February 15, 2011
By Denise Gee
DALLAS (SMU) — It’s taken Junie Williams nearly 40 years to find any semblance of closure and peace after her sister, Addie Mae Collins, died with three other little girls in the 1963 bombing of Birmingham’s 16th Street Baptist Church. She’s just now willing to talk about her journey toward forgiving—but not forgetting.
Her story of survival — and the civil rights-struggle lessons she believes are important for today’s younger generations to understand — will be front and center during “Journey to Peace: An Eyewitness Account of the 1963 Birmingham Church Bombing” on Thursday, Feb. 17, at 7 p.m. in SMU’s McCord Auditorium. The event, which is free and open to the public, is sponsored by SMU’s Embrey Human Rights Program in collaboration with SMU’s Association of Black Students. Williams’ visit is part of SMU's observance of Black History Month.
Victims of the church bombing.
On Sept. 15, 1963, one of the most heinous hate crimes in American history took place when the Ku Klux Klan, outraged with the desegregation of Birmingham’s schools, orchestrated the bombing of the predominantly African American downtown church. Not only did Addie Mae perish, but Williams had to identify her body. Another sister, Sarah Jean Collins, lost her eye in the attack.
The last remaining terrorists responsible for the bombing were prosecuted in 2001, but Williams struggled with feelings of hatred for decades. She leaned on the words of the Rev. Martin Luther King to help accept a nonviolent stance. She also leaned on her family’s powerful belief in God—instilled in her at an early age—to help embrace forgiveness as an important guiding principle in life.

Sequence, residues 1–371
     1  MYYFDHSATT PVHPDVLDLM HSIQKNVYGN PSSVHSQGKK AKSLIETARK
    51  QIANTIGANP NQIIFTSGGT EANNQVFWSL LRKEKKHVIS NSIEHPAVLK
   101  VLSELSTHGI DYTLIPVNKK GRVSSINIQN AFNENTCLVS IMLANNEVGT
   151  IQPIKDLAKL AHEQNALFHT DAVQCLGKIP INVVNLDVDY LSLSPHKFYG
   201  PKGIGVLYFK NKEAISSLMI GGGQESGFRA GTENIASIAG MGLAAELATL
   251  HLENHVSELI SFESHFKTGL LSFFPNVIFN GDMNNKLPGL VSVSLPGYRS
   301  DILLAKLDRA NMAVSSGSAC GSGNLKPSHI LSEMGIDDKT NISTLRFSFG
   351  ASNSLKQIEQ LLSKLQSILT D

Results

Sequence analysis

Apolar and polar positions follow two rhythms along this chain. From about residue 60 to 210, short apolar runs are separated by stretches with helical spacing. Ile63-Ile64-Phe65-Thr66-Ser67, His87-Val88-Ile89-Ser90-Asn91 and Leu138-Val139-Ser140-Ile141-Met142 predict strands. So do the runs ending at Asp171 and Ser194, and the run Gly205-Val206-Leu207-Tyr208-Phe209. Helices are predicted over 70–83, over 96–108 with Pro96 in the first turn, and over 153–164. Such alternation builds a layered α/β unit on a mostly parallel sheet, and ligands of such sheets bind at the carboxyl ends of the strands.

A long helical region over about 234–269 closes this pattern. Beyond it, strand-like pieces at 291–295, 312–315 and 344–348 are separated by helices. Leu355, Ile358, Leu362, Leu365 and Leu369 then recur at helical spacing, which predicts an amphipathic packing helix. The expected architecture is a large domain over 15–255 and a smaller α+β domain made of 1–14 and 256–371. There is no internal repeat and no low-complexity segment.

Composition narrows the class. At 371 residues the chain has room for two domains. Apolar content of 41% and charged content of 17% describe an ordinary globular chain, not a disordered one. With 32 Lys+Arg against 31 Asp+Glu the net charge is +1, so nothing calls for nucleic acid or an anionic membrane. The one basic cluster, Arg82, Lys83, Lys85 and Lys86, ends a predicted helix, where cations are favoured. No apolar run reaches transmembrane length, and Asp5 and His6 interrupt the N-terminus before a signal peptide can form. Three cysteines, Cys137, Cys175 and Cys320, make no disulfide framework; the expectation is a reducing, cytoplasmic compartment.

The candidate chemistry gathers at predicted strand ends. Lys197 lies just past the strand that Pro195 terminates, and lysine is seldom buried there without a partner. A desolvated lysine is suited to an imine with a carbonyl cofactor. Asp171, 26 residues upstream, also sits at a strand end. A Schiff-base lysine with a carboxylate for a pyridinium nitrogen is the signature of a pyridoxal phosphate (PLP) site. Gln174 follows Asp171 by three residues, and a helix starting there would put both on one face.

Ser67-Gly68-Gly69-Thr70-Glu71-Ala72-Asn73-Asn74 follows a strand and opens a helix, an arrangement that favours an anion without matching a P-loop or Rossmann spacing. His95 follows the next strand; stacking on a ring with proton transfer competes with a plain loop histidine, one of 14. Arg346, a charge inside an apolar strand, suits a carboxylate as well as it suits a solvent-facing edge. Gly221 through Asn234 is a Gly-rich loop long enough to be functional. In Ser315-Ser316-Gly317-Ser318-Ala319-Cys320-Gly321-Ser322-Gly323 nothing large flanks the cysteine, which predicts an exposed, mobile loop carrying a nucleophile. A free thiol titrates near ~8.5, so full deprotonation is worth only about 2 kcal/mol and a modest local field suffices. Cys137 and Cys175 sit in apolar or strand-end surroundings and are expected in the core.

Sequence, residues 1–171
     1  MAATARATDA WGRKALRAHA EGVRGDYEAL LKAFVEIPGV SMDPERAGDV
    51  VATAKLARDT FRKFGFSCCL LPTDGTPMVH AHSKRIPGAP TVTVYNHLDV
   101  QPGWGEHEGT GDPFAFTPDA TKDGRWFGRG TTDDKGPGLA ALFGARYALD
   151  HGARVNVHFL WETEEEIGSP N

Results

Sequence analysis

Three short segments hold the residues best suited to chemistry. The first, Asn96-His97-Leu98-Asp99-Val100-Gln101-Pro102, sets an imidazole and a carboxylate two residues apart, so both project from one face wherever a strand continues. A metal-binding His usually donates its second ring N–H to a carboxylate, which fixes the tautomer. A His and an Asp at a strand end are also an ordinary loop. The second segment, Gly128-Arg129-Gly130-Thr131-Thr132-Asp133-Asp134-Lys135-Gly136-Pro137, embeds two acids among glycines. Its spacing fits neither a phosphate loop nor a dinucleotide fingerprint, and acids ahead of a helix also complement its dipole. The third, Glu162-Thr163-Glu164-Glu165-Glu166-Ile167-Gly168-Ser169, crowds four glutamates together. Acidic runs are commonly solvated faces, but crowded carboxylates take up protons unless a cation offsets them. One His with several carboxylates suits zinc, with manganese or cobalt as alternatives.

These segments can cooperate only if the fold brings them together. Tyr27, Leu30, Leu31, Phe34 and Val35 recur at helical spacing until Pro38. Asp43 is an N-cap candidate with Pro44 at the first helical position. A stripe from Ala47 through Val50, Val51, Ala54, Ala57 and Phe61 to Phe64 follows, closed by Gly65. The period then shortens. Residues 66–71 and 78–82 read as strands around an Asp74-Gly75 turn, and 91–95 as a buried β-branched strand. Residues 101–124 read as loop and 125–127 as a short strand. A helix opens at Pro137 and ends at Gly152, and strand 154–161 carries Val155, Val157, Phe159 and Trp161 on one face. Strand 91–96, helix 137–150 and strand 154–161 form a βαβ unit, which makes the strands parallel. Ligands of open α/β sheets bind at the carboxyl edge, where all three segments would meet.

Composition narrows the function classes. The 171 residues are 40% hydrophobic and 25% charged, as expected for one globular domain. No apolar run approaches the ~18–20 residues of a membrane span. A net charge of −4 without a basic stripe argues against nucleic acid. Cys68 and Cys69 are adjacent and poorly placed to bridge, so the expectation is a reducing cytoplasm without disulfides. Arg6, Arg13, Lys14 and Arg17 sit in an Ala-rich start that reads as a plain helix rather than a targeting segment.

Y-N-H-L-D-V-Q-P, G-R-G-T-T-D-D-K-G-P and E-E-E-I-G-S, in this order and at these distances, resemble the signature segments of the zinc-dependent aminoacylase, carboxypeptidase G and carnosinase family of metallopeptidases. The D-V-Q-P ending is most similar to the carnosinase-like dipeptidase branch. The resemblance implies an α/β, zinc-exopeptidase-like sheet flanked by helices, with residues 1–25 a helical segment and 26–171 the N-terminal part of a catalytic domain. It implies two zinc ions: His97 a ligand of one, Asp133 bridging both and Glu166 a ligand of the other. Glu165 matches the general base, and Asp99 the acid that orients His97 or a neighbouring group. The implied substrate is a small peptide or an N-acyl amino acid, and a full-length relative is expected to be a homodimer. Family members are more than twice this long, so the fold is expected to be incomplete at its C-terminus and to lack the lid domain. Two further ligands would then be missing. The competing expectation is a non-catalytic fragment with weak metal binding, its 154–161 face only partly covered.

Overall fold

“I could have let this situation get the best of me, but through God’s work in me, I pushed my way through until what seemed to be a burden around my head was pushed off,” she says. “God took a day that was meant for evil and turned it around for the good of all.”
According to SMU Human Rights Program Director Rick Halperin, hate crimes, such as last year’s church burnings in east Texas, have risen 8 percent since President Barack Obama was elected in 2008. That number continues to jump 4 percent each year, he says.
It’s obvious that America’s struggle with accepting race and other human rights, is not over, Halperin adds. “That’s the real message of (Williams’) visit. This country is nowhere near the fully accepting nation that it could become. It’s better, but better doesn’t mean sufficient.”
Williams, who recently moved to San Antonio, believes there is hope for healing in America: “I know, because I have been healed.”
In talking about those who have committed hate crimes, Williams deeply believes that “forgiveness comes from the heart,” she says. “People who do those things must have fears, problems within themselves, and lack of understanding.”
Scene from the church bombing.
Though she will be talking about her family’s tragedy during Black History Month, to her the idea of a month dedicated to the subject is relatively fresh for her. “I never participated in Black History Month in the past due to my pain and struggling.” She has decided to participate in Black History now primarily because people like SMU’s students, a diverse mix that exists in large part because of the Civil Rights Movement, probably do not know what took place all those years ago. “I want them to be appreciative of all the rights we fought for,” she says. “I don’t want all that we went through to be in vain.”
Read more about that fateful day in Williams’ life, by visiting useekufind.com/peace/eyewitness.htm. And for more details about SMU’s human rights initiatives, visit smu.edu/humanrights or call 214-768-8347.
Alex Pegram contributed to this story.